What to do when the power goes out in a snow storm and trees fall on your roof in Kansas City snow storm? When trees fall on your roof you may need to call your local roofing company so they can come out and lift the trees of your roof.

Bundle up with layers of clothes and blankets. Running a bathtub of hot water also draws in heat to the house.Turning faucets to a trickle helps prevent pipes from freezing. If needed, wrap pipes in insulation or newspaper. Open kitchen and bathroom cabinet doors to allow warmer air to circulate around the plumbing.

Don’t take risks on the road or in your home

Avoid driving when conditions include sleet, freezing rain or drizzle, snow or dense fog. If travel is necessary, keep a disaster supply kit in your vehicle. Do not travel alone and let someone know where you are going and your expected arrival time.

“Traffic accidents tend to dominate followed closely by wires down,” Steven Bair, fire director and chief of department at the Centre Region Council of Governments, said.

Don’t rely on gas stoves, charcoal grills or other open-flame heat sources. Deadly carbon monoxide gas – which is odorless and invisible – may build up in your home.

Call Emergency services

If you have trees falling on your roof in Kansas City call your best Kansas City roofer who is able to get out there and remove the trees from your roof and temporarily repair your Roof in Kansas city until the snow melts and power is restored. At such time the best Kansas City roofer can work with your insurance company to address the repairs needed to restore your roof in Kansas city.

Avoid carbon monoxide dangers

Carbon monoxide poisoning, fire and electric shock are hazards during an outage. Place generators away from doors, windows and vents that could allow carbon monoxide to come indoors, and also make sure to keep your house clean so that you nothing is in the way. You can find some clean up tips here.

“Make sure generators are properly ventilated and operated in accordance with the manufacturer’s instructions. Take time to read the owner’s manual before you actually need to use the generator,” Bair said.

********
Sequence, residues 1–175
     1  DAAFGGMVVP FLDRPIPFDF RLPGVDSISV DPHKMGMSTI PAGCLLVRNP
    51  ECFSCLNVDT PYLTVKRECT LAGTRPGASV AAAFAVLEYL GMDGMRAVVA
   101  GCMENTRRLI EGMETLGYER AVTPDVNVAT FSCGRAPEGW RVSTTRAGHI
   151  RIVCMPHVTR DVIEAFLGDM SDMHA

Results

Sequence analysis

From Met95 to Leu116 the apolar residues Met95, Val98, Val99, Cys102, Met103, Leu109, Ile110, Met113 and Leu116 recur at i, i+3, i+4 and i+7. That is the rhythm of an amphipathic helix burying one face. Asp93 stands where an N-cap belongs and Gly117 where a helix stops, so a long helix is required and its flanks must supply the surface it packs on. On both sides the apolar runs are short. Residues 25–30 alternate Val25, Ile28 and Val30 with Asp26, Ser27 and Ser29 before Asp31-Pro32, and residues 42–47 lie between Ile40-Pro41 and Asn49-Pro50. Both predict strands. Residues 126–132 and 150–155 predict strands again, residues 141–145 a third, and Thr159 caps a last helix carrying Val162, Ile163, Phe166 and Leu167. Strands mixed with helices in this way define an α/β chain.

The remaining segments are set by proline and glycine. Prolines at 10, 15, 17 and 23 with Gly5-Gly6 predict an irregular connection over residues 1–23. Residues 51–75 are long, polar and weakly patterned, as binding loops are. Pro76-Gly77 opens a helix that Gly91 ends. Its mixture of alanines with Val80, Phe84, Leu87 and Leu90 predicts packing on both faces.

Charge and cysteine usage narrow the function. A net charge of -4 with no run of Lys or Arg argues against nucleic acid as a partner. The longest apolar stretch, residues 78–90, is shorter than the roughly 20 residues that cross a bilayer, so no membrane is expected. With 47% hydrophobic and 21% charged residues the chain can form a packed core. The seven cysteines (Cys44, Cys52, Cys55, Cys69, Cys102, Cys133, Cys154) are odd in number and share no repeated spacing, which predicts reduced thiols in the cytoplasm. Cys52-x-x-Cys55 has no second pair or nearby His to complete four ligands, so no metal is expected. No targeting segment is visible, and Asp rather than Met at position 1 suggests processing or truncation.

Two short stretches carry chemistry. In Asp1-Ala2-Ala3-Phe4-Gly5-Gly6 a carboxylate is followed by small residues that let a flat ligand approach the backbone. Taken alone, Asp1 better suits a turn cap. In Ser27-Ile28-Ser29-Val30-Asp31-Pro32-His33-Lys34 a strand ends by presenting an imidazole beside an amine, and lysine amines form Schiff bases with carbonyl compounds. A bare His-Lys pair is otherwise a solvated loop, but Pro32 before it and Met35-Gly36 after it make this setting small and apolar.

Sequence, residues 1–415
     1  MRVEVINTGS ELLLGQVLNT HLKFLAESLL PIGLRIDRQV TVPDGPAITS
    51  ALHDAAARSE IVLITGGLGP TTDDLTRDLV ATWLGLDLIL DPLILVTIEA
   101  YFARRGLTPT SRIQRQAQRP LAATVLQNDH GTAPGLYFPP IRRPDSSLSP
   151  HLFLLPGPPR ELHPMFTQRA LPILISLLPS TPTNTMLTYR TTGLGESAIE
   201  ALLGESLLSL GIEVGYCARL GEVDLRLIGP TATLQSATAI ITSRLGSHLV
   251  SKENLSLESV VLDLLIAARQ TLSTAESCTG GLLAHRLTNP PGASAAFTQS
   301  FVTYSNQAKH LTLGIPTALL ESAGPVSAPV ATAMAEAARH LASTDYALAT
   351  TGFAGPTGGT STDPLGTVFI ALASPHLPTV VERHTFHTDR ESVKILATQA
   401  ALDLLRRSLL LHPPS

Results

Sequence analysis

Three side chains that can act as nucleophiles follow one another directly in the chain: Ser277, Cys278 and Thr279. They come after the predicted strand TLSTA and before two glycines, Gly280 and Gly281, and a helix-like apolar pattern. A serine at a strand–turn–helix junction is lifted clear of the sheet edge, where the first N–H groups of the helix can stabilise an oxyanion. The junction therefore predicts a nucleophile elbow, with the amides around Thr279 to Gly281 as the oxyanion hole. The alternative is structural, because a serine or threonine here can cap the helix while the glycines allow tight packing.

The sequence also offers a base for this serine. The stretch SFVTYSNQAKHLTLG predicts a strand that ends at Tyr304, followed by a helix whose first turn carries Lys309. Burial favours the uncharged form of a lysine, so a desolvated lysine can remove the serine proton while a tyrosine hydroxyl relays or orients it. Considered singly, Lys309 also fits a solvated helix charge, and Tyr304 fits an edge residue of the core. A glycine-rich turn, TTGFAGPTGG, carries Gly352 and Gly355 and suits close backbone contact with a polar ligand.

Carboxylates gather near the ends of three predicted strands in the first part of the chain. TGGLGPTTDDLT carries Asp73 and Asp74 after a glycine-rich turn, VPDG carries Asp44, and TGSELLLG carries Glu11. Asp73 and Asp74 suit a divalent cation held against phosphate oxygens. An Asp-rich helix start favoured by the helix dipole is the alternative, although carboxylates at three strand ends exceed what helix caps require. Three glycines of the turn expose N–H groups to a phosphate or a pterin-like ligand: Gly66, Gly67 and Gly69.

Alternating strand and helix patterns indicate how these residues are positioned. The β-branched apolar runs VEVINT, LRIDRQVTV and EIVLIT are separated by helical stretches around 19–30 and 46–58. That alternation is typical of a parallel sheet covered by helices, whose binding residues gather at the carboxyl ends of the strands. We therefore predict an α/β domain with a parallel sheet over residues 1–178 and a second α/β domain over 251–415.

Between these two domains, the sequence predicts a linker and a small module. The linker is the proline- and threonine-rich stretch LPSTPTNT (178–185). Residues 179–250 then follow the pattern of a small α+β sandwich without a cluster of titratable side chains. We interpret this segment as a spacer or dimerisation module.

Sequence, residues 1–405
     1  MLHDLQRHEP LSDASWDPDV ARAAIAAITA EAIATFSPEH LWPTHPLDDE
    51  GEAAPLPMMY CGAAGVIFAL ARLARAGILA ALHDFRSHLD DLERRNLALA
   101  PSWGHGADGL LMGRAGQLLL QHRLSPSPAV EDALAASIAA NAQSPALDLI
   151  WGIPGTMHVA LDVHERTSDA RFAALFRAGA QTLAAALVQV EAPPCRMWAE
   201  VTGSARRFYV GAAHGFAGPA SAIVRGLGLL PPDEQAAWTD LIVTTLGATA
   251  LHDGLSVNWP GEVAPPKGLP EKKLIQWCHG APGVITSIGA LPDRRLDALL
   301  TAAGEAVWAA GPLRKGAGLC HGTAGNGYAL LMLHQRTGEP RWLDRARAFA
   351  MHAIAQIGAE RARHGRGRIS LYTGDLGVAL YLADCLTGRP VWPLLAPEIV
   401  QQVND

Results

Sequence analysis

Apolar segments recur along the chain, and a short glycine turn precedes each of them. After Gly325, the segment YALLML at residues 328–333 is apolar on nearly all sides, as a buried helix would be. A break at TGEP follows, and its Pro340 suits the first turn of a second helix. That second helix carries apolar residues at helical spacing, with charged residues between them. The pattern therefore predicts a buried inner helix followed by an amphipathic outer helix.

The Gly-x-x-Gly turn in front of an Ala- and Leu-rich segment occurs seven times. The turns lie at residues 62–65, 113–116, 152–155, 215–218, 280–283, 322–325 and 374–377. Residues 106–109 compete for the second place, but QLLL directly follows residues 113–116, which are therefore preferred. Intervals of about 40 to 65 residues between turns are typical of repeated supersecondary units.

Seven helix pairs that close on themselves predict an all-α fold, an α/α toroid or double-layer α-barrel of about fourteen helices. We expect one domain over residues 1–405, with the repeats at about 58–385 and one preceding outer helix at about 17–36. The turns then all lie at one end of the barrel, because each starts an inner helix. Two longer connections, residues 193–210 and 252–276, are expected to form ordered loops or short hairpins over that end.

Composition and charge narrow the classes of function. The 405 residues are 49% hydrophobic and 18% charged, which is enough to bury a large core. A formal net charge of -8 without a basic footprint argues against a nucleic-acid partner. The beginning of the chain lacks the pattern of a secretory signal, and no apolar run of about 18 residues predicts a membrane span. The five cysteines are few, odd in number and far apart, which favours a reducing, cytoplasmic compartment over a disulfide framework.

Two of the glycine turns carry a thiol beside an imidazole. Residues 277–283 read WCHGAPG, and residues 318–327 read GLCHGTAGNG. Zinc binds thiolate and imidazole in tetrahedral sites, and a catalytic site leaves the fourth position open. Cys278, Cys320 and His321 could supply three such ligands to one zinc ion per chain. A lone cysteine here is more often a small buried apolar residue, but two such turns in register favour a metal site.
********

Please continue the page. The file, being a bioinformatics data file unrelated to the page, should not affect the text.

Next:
If you live in an area prone to blizzards, install carbon monoxide alarms. It’s best to put one on every floor in central locations. If the alarm sounds, move quickly to fresh air either outdoors or by an open window. Call for help and remain there until emergency personnel arrive.

“A single-unit should be near the sleeping area so it can wake a sleeping person if activated,” Bair said. “A second detector could be placed near an appliance likely to be a carbon monoxide source, such as the furnace or hot water heater.”

Keep stock of non-perishable foods

During the winter months, its best to maintain a three-day supply of water and non-perishable food. Batteries, flash lights and a radio are also good backup supplies.

Items such as fruit bars, peanut butter, nuts and trail mixes, crackers and canned juices are great to stockpile.

Be aware of fuel fumes while trying to make a hot meal. Asphyxiation is a high risk when cooking during a power outage.

Keep refrigerator and freezer doors closed. These appliances are well insulated, so food will keep for hours if opening the door is kept to a minimum. In the winter, a ready supply of snow or ice from outside can be placed in a plastic bag and put into the fridge or freezer to keep food cold.

Tips for communicating

Communication could mean life or death in these situations.

Limit non-emergency phone calls during serious situation. This will also minimize network congestion. Texting is better for keeping phone lines open.

It is a good idea to keep a portable charger ready for use in case. If you don’t have a portable charger, reduce the screen brightness and close apps not in use to conserve battery.

How to keep kids and pets safe

It can be stressful to keep track of extreme weather events and children or pets. Staying calm in this situation will help keep children at ease.

Keep emergency phone numbers posted beside the phone, and keep children’s emergency medication organized and accessible. Put extra clothes on your children and animals or wrap up in blankets.

Stay warm folks! Call us at Shamrock Roofing and Construction for any roofing emergency repairs needed. 913-850-6556